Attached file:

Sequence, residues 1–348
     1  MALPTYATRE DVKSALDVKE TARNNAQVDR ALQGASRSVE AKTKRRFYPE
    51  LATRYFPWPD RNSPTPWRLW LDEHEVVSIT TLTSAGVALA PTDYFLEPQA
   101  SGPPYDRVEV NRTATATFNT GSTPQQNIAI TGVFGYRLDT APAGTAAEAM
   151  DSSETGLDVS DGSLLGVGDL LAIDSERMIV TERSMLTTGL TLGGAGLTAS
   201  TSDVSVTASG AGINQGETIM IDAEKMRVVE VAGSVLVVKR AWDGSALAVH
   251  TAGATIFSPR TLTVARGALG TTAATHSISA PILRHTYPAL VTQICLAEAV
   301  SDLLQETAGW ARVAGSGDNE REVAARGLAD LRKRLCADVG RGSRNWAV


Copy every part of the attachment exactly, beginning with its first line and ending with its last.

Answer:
Sequence, residues 1–348
     1  MALPTYATRE DVKSALDVKE TARNNAQVDR ALQGASRSVE AKTKRRFYPE
    51  LATRYFPWPD RNSPTPWRLW LDEHEVVSIT TLTSAGVALA PTDYFLEPQA
   101  SGPPYDRVEV NRTATATFNT GSTPQQNIAI TGVFGYRLDT APAGTAAEAM
   151  DSSETGLDVS DGSLLGVGDL LAIDSERMIV TERSMLTTGL TLGGAGLTAS
   201  TSDVSVTASG AGINQGETIM IDAEKMRVVE VAGSVLVVKR AWDGSALAVH
   251  TAGATIFSPR TLTVARGALG TTAATHSISA PILRHTYPAL VTQICLAEAV
   301  SDLLQETAGW ARVAGSGDNE REVAARGLAD LRKRLCADVG RGSRNWAV